CORN:  USDA reported 64% of the nation’s crop to be in good to excellent condition as of July 4, the same as the week prior as the crop stabilized after a week of less stressful growing conditions.

Conditions remain variable across the country, though. Only 62% of Iowa’s corn crop – the largest state for corn production in the country – is in good to excellent condition. But conditions in other top corn producing states are somewhat better (Illinois – 65% good to excellent, Nebraska – 82% good to excellent).Markets are now largely trading on yield potential, and despite favorable planting weather, USDA estimates 2021 corn at 92.7 million acres and soybean at 87.6 million acres.


Soybeans are king in North Dakota this year – North Dakota soybean acreage is 25% higher than last year and is the fourth highest in the United States, behind No. 1 Illinois, No. 2 Kansas and No. 3, Minnesota. Soybean development rates are largely ahead of historical averages already due in large part to fast planting speeds and drought conditions this spring. For the week ending July 4, 29% of anticipated 2021 soybean acres were blooming and another 3% were setting pods. Blooming progress was 5% ahead of the five-year average while pod progress was in line with the five-year benchmark.

Soybean conditions across the country slipped 1% from the previous week to 59% good to excellent for the week ending July 4. Market analysts had predicted conditions would largely remain stable compared to the week prior so yesterday’s ratings slide came as a shock to overnight markets. Even with recent rains, the soybean crop appears to be struggling with dry conditions slightly more than the 2021 corn crop.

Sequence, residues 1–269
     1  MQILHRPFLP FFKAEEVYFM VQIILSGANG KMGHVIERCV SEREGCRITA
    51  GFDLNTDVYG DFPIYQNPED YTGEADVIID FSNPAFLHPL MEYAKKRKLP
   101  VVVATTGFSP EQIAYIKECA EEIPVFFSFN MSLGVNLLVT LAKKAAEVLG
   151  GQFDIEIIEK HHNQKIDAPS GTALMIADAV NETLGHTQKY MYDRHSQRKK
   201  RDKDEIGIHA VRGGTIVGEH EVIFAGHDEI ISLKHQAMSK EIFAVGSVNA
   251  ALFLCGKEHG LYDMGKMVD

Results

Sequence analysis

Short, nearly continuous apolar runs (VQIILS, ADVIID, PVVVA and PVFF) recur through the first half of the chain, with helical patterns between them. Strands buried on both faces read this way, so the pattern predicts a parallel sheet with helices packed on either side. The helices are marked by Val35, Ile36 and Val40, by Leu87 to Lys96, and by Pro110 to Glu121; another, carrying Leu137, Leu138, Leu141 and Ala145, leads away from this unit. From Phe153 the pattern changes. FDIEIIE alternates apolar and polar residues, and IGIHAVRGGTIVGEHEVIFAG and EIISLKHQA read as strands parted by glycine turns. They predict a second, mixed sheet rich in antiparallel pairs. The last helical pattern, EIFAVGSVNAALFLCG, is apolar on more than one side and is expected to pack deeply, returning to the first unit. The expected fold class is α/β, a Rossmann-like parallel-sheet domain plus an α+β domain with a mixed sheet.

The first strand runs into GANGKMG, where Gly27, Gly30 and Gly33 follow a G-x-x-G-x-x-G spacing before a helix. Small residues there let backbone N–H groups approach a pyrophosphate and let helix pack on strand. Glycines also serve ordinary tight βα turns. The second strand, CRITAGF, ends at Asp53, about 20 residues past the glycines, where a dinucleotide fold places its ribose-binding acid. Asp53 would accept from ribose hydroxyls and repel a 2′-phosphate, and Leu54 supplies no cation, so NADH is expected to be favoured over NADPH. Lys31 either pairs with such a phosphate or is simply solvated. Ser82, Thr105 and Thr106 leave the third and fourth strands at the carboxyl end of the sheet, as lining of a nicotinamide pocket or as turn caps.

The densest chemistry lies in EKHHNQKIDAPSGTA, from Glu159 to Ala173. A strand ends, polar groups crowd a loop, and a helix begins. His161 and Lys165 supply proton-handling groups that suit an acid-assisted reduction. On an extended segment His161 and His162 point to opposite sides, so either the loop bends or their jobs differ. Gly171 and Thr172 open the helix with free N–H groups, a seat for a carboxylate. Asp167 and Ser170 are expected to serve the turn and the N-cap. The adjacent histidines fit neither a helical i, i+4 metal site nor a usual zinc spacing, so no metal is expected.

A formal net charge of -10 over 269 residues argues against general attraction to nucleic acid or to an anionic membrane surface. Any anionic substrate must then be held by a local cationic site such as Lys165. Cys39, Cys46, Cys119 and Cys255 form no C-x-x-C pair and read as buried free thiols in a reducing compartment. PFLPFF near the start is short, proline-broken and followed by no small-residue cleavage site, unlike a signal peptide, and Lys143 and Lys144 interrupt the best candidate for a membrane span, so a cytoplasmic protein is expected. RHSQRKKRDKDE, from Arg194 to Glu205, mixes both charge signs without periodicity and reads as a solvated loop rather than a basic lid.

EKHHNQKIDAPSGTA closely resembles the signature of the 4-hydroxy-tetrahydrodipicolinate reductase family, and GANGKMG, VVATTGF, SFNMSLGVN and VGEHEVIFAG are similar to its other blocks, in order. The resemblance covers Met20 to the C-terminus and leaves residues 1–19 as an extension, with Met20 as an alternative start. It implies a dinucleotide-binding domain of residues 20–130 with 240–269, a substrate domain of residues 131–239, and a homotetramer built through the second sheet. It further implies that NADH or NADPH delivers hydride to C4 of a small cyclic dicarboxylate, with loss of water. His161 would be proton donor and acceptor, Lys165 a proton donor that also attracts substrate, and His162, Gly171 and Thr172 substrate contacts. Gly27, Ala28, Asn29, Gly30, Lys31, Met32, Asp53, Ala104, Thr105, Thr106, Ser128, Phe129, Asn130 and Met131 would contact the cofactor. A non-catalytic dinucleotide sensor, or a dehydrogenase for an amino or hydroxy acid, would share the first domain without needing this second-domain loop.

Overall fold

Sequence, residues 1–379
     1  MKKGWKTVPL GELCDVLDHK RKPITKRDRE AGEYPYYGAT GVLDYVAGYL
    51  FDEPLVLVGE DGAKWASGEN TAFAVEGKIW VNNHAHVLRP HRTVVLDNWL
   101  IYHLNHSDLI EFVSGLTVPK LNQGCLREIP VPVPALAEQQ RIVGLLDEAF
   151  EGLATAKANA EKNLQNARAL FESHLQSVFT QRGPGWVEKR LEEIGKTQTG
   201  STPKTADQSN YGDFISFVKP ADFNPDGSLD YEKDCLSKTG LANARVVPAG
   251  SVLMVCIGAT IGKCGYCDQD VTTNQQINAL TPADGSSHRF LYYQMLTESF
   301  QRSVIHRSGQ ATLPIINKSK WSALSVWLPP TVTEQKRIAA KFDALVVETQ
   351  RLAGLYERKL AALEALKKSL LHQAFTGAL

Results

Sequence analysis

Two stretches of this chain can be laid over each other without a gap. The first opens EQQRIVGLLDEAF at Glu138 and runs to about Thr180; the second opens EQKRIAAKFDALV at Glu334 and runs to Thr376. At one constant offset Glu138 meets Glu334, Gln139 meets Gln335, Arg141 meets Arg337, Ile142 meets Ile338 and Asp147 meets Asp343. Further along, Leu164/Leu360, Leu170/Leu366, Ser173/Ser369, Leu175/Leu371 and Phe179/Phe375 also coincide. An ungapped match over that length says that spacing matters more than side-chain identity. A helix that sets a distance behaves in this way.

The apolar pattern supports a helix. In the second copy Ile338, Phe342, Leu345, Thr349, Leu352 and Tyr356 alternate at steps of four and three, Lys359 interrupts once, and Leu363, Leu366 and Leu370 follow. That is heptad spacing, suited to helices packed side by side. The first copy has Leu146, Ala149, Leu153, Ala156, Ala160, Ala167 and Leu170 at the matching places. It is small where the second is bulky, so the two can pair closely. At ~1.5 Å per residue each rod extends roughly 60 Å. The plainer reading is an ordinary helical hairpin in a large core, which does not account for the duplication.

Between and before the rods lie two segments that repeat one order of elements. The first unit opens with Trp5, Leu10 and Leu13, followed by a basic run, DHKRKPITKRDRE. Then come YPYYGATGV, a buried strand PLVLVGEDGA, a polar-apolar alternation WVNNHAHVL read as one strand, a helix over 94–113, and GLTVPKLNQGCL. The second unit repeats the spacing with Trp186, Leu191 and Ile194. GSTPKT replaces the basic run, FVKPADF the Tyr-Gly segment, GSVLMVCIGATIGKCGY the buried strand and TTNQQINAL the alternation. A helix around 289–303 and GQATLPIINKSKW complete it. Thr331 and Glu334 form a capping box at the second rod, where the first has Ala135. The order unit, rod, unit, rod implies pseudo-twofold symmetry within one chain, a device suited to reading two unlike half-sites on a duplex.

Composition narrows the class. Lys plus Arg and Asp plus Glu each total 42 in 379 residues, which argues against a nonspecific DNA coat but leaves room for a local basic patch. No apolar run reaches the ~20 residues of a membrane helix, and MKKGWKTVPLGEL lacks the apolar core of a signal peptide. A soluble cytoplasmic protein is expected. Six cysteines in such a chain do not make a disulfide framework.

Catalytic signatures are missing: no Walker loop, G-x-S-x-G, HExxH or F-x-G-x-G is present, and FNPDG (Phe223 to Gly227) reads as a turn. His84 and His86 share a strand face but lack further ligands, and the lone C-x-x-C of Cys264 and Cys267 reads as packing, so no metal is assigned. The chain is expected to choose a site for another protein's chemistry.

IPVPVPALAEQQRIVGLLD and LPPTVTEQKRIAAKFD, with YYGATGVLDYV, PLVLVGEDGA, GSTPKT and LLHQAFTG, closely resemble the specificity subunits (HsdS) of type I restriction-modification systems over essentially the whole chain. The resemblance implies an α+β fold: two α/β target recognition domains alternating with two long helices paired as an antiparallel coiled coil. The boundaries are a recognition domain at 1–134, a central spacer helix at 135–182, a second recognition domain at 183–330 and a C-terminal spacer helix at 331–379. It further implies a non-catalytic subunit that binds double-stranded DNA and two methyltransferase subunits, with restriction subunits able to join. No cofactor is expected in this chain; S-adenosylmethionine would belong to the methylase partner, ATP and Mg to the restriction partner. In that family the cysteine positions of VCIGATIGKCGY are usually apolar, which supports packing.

Rain showers in the Southern Plains last week kept many winter wheat farmers out of their fields last week, as harvest progress fell 8% below the five-year average. As of July 4, 45% of the nation’s 2021 winter wheat crop had been harvested, up 12% from the previous week.

More showers this week across the country could further delay harvest for both the hard and soft red winter wheat crops in the Midwest and Plains. According to U.S. Wheat Associates, harvest progress for soft red winter wheat is nearly 60% complete while hard red winter wheat harvest is just over 20% complete as of last Friday.

Condition ratings for the spring wheat crop continued to tumble as hot temperatures roasted any hopes for average yields across the Northern Plains. Ratings fell 4% on the week with only 16% of the crop in good to excellent condition.